A cultural psychological view of agency applies a cultural analysis to its own standpoint. It recognizes that its conception of agency rests upon cultural values and has cultural implications. The notion that agency is socially intentional rests on the value that humans depend upon each other and need to establish harmonious social relationships. The critique of existing forms of agency rests upon the value that existing social life (i.e., social activities) has deleterious features which can be made more humane and democratic. The cultural implications of this position are that social change is necessary and possible. Cultural psychology maintains that the cultural values which underlie its analysis of agency strengthen its analysis and make it more accurate and useful. Contrary to popular opinion which regards cultural values as biasing objectivity and utility, cultural psychology argues that certain cultural values aid the understanding of particular issues. The spectacular progress of the natural sciences was certainly abetted by cultural values of capitalism -- which is why the natural sciences are so much more advanced in capitalist countries. In the same way, the cultural perspective that I have utilized in this paper helps to deepen an understanding of agency and other psychological phenomena. 7
A truly cultural psychology links individual psychological understanding and improvement to social understanding and improvement. It directs people toward understanding the social bases and characteristics of their individual psychology, circumventing deleterious social activities and concepts where possible, and collectively uniting with other people to transform deleterious social activities and concepts into humane ones. In these ways cultural psychology can use its scientific analysis to help people develop their agency. People's potential will become actual when the existing social actual is recognized to be the potential for a better, new social actuality.
1. Harre (1984) incisively explains the individualistic nature of interpersonal formulations such as Bruner's. Harre points out that the idea of social plurality can take several forms. It can be a distributive plurality (or an "aggregate group," or "taxonomic group") in which a group is the sum of individual traits. Or it can be a collective plurality (a "structured group") which emerges from a social process that transcends particular individuals. Bruner's collectivity, like Moscovici's and Tajfel's, is a distributive one that is in the last analysis a version of individualism. Only structured or collective groups are real social entities. There the properties of individuals are a function of the group organization into roles and relationships. Only collective groups grant a decisive role to social processes. In aggregate groups social processes are purely the result of (derived from) individual acts.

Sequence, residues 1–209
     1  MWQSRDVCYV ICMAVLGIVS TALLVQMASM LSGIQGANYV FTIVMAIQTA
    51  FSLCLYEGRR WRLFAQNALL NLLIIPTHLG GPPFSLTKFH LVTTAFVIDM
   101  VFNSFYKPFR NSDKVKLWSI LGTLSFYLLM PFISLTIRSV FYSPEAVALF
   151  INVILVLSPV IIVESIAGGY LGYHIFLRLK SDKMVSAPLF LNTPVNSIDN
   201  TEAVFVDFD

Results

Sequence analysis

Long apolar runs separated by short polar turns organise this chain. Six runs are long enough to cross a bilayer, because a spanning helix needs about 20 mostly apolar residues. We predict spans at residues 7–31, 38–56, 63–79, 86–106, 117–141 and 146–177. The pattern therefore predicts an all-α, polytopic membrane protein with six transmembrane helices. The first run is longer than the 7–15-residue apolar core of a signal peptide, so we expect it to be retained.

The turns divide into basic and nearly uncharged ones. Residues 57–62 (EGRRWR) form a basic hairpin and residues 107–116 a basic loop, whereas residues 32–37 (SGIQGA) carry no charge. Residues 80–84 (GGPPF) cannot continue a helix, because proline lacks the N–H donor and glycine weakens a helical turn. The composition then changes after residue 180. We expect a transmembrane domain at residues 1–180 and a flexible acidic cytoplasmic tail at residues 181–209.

2. These findings did not alter Valsiner's notion of a primordial non-social person who circumvents society. Valsiner focused on the minute divergences and convergences of personal goals during the interactions and he disregarded the social relations that were embedded in them.
3. However, Kulick claims that changes in cosmology, or meaning, were the most significant cause of linguistic shift. He goes so far as to state that, "Gapun might be held up as a case in which the macrosociological changes that are occurring can be said not to have caused language shift, but rather, to have been caused by shift: in attitudes, perceptions of self, and ideas about language" (p. 260). This is an odd and unwarranted conclusion considering that Kulick extensively documented changes in social activities that were instrumental in the shift of meanings and language.
4. This individualistic viewpoint also exists in sociology espoused by Goffman and his followers (cf. Giddens, 1987, pp. 109-139) and in philosophy espoused by Winch and Wittgenstein (cf. King, 2000).
5. Cooley's "looking glass self," Mead's "taking the role of the generalized other," plus social referencing, attachment, joint attention, and imitation all express this human social intentionality. Social intentionality (rather than egocentrism) seems to be a basic characteristic of humans. At 8 months, babies follow the pointing of other people and observe whether others have followed their pointing (cf. Bruner, 2000; Ratner, 1991, chap. 4; Tomasello, 1999).
Unfortunately, most authors restrict social intentionality to interpersonal interactions with individuals and they ignore organized social life.
6. Wertsch recognized the dominance of common cultural concepts in individual thinking although it contradicts his belief that individuals create novel, disparate personal meanings in their transactions with information (Wertsch, 1998, pp. 112-119).
7. This argument, that culturally based subjectivity can comprehend reality, has been propounded by Popper under the name of critical realism, by Campbell under the name of fallible realism, and by Bhaskar under the name of critical naturalism (cf. Ratner, 1997a, pp. 191-201; Bourdieu, 2000, pp. 109-122 for discussion of this point).